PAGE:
# A (possibly) easier version of Bertrand's Postulate

While attending a math puzzle contest, my friend (a math student) asked me to prove that $$\sum_{k=1}^n \frac{1}{k} \notin \mathbb{Z} \quad \forall n \geq 2$$

Being the first time seeing this problem, I came up with a proof that required the following conjecture:

(1) Given a composite number $n \geq 4$, $\exists p$ prime such that $$p < n < 2p$$

My friend told me that this followed directly from Bertrand's Postulate (and it indeed does).

Now Bertrand's postulate, which says that there exists a prime between $n$ and $2n$, has a pretty involved proof. My question is:

Question: Is there a simpler proof of Bertrand's Postulate if we take $n$ to be prime (which is all I need)? If so could someone either provide a reference or proof/sketch for the same? So far I have come up empty...

PS: Here is how I link (1) with Bertrand's Postulate: Define for composite $n \geq 4$ $$p(n) = \max \{p : p \leq n, \quad p \mbox{ prime} \}$$ Suppose (1) is wrong, then for some $n$, we have $$2p(n) \leq n$$ This also means that $\{p(n)+1, \cdots 2p(n)\}$ are all composite. However by Bertrand's Postulate, between $p(n)$ and $2p(n)$, there is a prime $q$. $\Rightarrow\Leftarrow$

• I suppose you are aware that $\sum_{k=1}^n \frac{1}{k} \notin \mathbb{Z} \quad \forall n \geq 2$ has a (well-known) simpler proof, by looking modulo powers of $2$ – Ewan Delanoy Apr 9 '14 at 5:53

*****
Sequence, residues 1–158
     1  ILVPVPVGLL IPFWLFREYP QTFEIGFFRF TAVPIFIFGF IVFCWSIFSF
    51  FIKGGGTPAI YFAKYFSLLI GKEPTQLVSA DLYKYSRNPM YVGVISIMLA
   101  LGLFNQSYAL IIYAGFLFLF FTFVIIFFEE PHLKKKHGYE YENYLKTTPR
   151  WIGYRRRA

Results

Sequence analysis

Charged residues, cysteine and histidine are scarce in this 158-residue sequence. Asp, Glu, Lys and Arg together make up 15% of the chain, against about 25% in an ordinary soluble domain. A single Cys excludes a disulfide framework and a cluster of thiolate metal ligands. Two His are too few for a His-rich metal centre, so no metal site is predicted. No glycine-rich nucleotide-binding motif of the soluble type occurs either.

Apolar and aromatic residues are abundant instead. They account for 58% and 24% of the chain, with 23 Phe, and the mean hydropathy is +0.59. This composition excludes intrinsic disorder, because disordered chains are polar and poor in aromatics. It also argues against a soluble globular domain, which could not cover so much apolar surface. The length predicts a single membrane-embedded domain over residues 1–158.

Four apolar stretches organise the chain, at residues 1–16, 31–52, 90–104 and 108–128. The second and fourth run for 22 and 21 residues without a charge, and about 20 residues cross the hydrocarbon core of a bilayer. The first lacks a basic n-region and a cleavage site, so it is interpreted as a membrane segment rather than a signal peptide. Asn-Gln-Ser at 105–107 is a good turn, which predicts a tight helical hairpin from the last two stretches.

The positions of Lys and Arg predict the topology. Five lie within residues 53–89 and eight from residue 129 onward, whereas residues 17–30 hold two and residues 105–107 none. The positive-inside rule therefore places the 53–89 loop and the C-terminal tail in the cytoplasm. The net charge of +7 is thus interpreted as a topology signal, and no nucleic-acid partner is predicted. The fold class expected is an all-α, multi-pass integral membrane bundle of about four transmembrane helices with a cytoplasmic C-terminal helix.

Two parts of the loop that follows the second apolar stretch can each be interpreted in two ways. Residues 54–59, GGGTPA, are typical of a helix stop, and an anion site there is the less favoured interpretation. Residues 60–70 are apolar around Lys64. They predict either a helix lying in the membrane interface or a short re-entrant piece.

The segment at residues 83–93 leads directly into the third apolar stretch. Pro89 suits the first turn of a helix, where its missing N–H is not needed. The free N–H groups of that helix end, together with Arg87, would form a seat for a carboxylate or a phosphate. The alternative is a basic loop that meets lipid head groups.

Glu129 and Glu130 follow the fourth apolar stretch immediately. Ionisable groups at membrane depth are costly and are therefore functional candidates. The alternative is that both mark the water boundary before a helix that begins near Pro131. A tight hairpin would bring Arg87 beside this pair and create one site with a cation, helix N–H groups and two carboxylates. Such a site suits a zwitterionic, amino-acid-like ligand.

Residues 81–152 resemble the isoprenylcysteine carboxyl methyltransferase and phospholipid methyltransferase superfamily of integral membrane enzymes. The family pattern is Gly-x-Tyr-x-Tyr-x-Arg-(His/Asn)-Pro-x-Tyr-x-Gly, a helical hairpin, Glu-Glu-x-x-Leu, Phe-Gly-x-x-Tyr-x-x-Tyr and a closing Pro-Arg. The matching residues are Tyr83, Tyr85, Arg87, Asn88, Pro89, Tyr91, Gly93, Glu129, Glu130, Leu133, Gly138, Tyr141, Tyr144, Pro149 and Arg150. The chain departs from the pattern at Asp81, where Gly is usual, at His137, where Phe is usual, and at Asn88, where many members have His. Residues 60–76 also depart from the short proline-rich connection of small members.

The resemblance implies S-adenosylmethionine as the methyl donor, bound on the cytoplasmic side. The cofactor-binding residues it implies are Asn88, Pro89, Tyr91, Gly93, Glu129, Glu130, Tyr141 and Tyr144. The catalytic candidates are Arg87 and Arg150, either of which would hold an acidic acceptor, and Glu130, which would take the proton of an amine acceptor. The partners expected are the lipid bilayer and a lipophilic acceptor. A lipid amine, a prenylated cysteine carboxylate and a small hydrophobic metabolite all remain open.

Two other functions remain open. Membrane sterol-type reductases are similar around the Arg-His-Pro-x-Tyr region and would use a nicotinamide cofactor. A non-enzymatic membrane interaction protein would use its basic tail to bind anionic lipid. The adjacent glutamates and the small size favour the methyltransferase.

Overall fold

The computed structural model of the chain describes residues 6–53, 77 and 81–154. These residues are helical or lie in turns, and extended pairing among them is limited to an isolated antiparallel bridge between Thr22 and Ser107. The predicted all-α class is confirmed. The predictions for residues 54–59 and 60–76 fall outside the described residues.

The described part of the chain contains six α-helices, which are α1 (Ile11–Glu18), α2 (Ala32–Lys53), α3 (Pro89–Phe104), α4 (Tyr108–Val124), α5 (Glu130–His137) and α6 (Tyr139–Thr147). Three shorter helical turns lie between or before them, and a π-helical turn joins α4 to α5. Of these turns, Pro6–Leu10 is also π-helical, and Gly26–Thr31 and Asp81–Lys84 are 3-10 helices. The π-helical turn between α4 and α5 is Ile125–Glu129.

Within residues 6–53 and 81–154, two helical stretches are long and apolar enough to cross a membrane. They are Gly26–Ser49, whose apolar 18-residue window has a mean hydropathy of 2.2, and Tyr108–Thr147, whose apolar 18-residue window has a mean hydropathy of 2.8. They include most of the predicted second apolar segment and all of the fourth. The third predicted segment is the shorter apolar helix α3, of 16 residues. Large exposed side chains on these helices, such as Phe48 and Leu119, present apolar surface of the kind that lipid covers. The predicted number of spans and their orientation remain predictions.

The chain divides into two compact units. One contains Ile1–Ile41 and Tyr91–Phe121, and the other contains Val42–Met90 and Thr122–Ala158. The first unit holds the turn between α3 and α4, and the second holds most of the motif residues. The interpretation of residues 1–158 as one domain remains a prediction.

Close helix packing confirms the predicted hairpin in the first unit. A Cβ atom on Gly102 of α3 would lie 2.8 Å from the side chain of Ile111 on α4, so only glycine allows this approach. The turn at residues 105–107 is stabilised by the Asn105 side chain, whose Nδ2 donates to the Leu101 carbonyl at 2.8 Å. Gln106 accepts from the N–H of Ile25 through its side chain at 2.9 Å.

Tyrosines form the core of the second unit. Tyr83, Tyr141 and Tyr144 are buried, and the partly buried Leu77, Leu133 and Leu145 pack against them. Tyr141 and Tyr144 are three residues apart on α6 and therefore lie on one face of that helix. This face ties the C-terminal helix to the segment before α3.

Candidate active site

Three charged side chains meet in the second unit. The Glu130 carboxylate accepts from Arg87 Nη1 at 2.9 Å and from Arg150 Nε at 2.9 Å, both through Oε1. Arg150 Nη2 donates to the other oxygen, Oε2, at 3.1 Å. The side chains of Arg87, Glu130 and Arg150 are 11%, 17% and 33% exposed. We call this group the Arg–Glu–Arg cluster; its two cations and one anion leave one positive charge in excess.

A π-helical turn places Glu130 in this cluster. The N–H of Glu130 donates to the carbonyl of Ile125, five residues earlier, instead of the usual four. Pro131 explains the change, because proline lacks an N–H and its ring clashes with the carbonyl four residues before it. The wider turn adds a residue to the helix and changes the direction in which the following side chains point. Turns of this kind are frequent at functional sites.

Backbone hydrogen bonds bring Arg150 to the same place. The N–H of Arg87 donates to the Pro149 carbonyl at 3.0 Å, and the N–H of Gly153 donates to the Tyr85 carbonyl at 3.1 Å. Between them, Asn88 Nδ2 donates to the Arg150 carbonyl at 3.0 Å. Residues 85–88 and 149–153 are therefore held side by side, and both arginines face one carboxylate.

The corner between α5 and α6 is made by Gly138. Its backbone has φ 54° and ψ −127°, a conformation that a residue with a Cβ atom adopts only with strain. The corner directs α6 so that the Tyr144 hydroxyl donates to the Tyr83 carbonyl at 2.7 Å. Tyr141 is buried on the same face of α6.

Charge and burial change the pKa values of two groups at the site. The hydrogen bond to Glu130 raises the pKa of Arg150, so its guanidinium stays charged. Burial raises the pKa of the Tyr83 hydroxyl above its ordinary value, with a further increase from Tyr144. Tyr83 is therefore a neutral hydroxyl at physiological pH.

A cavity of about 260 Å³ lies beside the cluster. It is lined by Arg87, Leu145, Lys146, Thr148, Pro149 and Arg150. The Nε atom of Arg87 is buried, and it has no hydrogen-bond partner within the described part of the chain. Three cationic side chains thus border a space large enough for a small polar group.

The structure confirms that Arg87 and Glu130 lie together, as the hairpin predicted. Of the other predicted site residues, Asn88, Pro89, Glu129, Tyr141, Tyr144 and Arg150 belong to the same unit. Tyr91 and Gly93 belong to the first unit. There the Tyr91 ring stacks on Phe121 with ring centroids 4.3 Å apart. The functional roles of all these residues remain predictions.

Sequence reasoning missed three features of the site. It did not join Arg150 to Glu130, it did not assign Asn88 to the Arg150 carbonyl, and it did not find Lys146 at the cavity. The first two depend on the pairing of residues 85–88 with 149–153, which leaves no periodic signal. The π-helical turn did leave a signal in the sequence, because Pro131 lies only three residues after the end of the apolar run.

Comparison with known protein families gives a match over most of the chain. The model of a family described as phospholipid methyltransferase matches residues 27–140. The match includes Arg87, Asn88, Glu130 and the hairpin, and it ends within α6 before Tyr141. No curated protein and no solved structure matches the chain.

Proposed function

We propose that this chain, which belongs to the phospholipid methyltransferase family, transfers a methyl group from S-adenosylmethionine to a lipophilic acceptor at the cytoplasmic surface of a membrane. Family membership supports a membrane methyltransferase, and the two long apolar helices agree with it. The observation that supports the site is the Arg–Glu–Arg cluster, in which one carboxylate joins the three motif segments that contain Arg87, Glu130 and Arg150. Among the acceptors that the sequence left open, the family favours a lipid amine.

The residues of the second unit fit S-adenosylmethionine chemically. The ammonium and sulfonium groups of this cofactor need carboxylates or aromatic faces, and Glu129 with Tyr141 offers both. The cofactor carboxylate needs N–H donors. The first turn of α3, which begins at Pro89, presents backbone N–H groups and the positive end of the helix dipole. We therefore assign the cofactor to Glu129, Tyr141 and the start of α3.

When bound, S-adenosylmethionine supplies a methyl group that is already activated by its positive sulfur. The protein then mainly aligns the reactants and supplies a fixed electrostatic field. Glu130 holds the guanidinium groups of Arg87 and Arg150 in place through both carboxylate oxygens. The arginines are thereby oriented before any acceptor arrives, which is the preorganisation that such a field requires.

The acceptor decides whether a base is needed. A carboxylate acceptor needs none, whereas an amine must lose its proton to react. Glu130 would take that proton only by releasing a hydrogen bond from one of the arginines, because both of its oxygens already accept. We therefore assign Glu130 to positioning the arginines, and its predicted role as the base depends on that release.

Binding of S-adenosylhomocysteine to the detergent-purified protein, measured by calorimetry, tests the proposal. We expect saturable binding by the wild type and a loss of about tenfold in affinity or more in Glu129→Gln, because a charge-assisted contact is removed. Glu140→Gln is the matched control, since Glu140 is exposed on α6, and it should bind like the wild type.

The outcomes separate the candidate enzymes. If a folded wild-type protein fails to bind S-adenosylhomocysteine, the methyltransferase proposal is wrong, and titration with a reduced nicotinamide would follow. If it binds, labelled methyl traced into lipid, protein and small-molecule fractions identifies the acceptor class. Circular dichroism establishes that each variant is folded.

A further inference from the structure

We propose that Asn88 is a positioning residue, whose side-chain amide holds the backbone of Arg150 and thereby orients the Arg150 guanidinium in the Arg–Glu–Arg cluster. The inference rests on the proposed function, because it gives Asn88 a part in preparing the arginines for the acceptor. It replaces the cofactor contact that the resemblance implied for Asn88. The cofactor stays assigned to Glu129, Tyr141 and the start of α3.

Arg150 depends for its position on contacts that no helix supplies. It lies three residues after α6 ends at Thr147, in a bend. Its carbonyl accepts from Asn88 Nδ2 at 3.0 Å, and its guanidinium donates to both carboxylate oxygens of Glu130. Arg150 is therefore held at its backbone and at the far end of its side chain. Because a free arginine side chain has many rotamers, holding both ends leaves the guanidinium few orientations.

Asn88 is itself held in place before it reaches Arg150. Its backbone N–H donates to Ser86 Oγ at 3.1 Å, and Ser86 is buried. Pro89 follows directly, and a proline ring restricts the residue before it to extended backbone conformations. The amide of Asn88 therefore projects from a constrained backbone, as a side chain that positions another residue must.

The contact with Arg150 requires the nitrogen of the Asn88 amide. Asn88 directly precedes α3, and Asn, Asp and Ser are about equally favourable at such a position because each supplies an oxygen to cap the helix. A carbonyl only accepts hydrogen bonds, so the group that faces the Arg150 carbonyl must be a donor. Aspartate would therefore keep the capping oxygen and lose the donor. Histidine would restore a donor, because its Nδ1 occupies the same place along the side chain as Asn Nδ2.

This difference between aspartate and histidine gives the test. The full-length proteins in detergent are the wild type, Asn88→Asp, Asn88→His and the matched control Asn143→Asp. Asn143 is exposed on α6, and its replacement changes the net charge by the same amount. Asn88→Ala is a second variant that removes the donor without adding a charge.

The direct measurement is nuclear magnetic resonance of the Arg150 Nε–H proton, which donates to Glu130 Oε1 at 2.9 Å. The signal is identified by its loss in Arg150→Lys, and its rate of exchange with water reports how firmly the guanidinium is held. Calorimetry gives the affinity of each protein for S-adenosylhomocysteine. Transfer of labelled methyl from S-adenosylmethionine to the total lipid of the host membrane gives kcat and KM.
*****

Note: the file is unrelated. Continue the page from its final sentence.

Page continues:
• @Ewan: Yes I am. That was the proof my friend expected. However I needed to give some background on how I encountered this problem. – Gautam Shenoy Apr 9 '14 at 5:55

I just realized that proving the result for $n$ prime implies proving it for all $n \geq 4$. Here is my reasoning:
Let $p(n)$ be as before i.e. the prime number closest to $n$ and less than $n$. Then IF there was a simpler proof of Bertrand postulate for primes, then there exists a prime number $q$ between $p(n)$ and $2p(n)$. There are $2$ cases: $$p(n)<q<n<2p(n)<2n$$ and $$p(n)<n<q<2p(n)<2n$$
So if there is a simple(r) proof of Bertrand postulate for primes, the above argument extends it to $n \geq 4$. Hence it is "unlikely" for there to be a simple proof for the primes case since Erdos' proof is considered to be the simplest one as of now.